Table Extensions

Table Extensions allow you to create data tables with an analytics extensions script. You can write a custom TabPy or Rserve script and optionally add one or more input tables. Table extensions are supported by Tableau Cloud, Tableau Server, and Tableau Desktop. This document focuses on Tableau Cloud.

Note: Similar to a live connection, the Table Extension refreshes every time you open up a workbook or refresh a data source.


Table Extensions have the following benefits for both new and experienced users.

  • Easily integrate scripts or advanced functions into Tableau

  • Easily drag data from Tableau data connections as input into scripts

  • Low code editor makes adding code to data sources easy

  • Integrates with Data Guide and Explain Data
  • Integrates with TabPy, Rserve, and other analytics extensions

  • Results can be used to construct dashboards or visualizations


Before you can use table extensions, you must complete the following list.

Create a Table Extension

To create a table extension, complete the following steps.

  1. Open a published workbook.
  2. Open a data source or create one.
  3. Under connections, choose New Table Extension.

    connections menu

  4. Drag it into the data model.
  5. (Optional) Drag tables from the data connection into the table extension pane to use as input into your analytics extensions script or function.

    • By default data from Tableau is passed to the analytics extension and defined as the variable _arg1, a dictionary-like structure such as: {‘colum_name’: [1,2,3], ‘column_name_2’: [3,4,5]

      Python example: The input data could be converted to a pandas dataframe using the following.

      import pandas as pddf = (pd.DataFrame(_arg1))

    • When using RServe, the input data is defined as the variable .arg1 and the data type are a named list of lists.

    • For supported relational data sources, you can use Custom SQL as an input into a table extension. When parameters are used in the Custom SQL query, changing the parameter causes the query to rerun and the script to recompute. This creates a path to dynamically update parameters in a dashboard and filter or otherwise pass values to the table extension script.

      relational data sources

  6. In the Script area, enter your script or function call. The script must return a dictionary or list of lists, essentially a JSON object. A script for RServe must return a data.frame or list of named lists while the script for Python must return a dictionary.

    Python example: We use the following explicit return command.

    return df.to_dict(orient='list')

  7. Note: Table extensions don't support directly calling TabPy endpoints if TABPY_EVALUATE_ENABLE is disabled in TabPy.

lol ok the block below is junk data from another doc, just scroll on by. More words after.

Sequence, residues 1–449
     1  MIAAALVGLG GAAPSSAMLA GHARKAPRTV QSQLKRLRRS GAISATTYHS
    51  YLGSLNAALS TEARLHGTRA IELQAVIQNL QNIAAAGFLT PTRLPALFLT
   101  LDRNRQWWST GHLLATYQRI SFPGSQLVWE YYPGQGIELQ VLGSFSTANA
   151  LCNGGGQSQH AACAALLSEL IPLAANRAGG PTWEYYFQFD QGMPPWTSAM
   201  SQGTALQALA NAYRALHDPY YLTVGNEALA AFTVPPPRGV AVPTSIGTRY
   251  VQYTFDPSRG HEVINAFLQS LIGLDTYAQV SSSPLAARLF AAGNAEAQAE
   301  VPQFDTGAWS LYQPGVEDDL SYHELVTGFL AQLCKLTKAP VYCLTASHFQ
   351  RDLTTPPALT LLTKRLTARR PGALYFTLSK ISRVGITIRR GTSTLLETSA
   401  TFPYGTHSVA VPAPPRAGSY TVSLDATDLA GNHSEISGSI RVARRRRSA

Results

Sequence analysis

8. Select Apply to run the script.
  9. (Optional) If you’re relating the table extension to another table in the data model, define the relationship between at least one field in each table. If the fields have the same name, this may happen automatically.

  10. Choose Update Now and the results appear in the Output Table tab.

    output results table

Note: If you don't define a relationship to a table in the data model, the Input Table tab is empty and will display the message ‘Data preview unavailable’.

  1. (Optional) In the Name field, enter a unique name for your table extension.
  2. Go to the Sheet tab to start exploring and visualizing the data. Results from a table extension functions like any other data in Tableau queried from a flat file or relational source.
  3. Publish the workbook to share it. The publishing destination, Server or Tableau Cloud, must have an analytics extension of the appropriate type enabled and configured.

Troubleshooting tip: Errors from analytics extensions will be surfaced in a Tableau error message if there’s a problem executing the script. If your table extension is hitting an error, ensure all code and formatting is correct and try using the circular Refresh Data Source button, located next to the Save button, or click Apply again.

Table Extensions vs Analytics Extensions

While some of these products aren't related, table extensions and analytics extensions share several features. The table extensions feature relies on a connection with analytics extensions to work. Let's break down each feature.

Dashboard Extensions

Dashboard extensions allow custom web applications to be added to dashboards using the Dashboard Extension SDK, however, this extension type isn’t related to table extensions.

Table Extensions

The Table extensions feature lets you create a table in a data source that can send data and a script to your analytics extension and return a full table of arbitrary shape as a result. The returned results are displayed as a table in the data model in the Data Source tab and as measures and dimensions in the workbook.

Analytics Extensions

The Analytics extensions feature allows you to extend Tableau calculations with programming languages like Python, external tools, and external platforms. After you create a connection to an analytics extension, you can communicate with your external server through calculated fields called SCRIPT_X or MODEL_EXTERNAL_X, where X is the data type of the expected return values. For more information, see Pass Expressions with Analytics Extensions.

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